“Yes, it’s alive. Yes, it’s human. But it’s not a *person*. It’s a homunculus. Aristotle understood ensoulment to occur 40 day
s after conception for male fetuses and 90 days for female. As it says in The Book of Destiny ‘The constituents of one of you are collected for forty days in his mother’s womb in the form of blood, after which it becomes a clot of blood in another period of forty days. Then it becomes a lump of flesh and forty days later Allah sends His angel to it with instructions concerning four things, so the angel writes down his livelihood, his death, his deeds, his fortune and misfortune.’ The problem with pro-life arguments is that they are based in nothing but religion.”

Alright, that was a fun little straw man, but you get where I’m going. Pro-choicers don’t actually subscribe to this ensoulment nonsense, at least not consciously, and would rather tell you that human rights come with autonomy, sentience, and/or self-awareness. Yet even leaving aside the fact that the transcendent quality of sentience cannot be objectively detected or measured, they must realize, in the context of the abortion debate specifically, that those standards of human rights apply to humans even they would spare, such as very late term fetuses, newborns, and comatose. Sentience is not granted in the birth canal, and few but Singer would say killing the newborn, who is hardly self-aware and can’t be said to be autonomous in any practical sense, is morally permissible. That’s right, Peter Singer, everyone’s favorite Australian bio-ethicist/apologist for raping the mentally disabled, is honest when it comes to biology. He concedes that the subject is a human being, something to which he attaches no moral significance. Points for consistency, because Singer also advocates for infanticide, up to a year after birth. Why not? By the questionable standards of ascribing human rights with human consciousness rather than human biology, why not kill a baby?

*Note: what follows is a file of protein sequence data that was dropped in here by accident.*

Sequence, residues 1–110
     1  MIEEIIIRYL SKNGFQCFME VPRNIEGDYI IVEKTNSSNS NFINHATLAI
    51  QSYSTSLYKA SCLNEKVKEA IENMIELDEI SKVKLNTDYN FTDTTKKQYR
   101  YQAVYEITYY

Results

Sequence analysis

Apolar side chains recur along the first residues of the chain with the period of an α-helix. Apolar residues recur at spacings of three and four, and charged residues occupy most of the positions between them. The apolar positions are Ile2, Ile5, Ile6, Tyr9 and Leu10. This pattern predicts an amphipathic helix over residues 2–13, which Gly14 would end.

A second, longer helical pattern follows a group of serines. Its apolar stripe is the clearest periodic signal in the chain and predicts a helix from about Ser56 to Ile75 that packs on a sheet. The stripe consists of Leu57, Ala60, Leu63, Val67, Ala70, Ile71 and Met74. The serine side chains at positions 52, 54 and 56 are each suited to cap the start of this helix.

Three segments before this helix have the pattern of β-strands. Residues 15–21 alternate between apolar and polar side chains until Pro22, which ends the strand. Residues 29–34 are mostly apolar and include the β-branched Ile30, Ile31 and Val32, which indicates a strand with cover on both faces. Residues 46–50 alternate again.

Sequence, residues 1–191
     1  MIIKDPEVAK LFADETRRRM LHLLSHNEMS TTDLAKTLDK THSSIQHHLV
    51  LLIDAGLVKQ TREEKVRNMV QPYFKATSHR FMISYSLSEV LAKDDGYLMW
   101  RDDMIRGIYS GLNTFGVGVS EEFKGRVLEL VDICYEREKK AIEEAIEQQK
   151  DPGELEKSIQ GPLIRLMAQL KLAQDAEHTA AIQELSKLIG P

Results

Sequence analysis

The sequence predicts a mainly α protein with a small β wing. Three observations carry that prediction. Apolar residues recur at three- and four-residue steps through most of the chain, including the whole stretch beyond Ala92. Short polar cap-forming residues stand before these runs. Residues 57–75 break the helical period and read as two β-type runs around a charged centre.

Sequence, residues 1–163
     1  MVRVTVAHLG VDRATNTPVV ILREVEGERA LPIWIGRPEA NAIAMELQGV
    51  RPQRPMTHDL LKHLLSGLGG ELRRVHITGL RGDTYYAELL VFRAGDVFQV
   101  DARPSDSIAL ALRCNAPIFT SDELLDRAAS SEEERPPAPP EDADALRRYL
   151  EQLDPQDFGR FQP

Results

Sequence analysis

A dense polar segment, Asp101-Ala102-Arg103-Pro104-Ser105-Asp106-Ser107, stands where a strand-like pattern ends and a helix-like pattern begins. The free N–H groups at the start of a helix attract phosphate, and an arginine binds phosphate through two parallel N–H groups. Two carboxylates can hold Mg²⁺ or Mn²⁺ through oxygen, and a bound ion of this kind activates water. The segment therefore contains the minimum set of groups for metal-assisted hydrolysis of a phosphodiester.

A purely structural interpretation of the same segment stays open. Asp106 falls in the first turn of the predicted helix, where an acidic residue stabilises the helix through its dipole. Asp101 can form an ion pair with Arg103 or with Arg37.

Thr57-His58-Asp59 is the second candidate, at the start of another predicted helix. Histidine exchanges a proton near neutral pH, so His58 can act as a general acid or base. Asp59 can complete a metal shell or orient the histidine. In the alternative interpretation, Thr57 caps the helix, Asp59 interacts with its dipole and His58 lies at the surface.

What then? The notion of “choice” puts the ball in the mother’s court, and it follows then that the worth of a human being is determined by his importance to other human beings. Yet this is regressive and problematic. Don’t we find value and even emotional attachment to subjects which are inarguable non-human?

“Many of you are feeling bad for this lamp.”

The question of human rights is a moral and philosophical debate, and it remains hotly debated. The implications, taken to their logical conclusion, of many of the pro-choice standards are frightening as well as inconsistent. Without religion in the equation, without considering ensoulment (or “acquiring personhood”, which, let’s be honest, amounts to the same thing), it is far safer, consistent, less worrisome, and more ethical to accept the simple fact that human rights, whatever they are, are automatically ascribed to a human being when a human being begins. And that, my friends, is settled science.

About the author: brianzblogger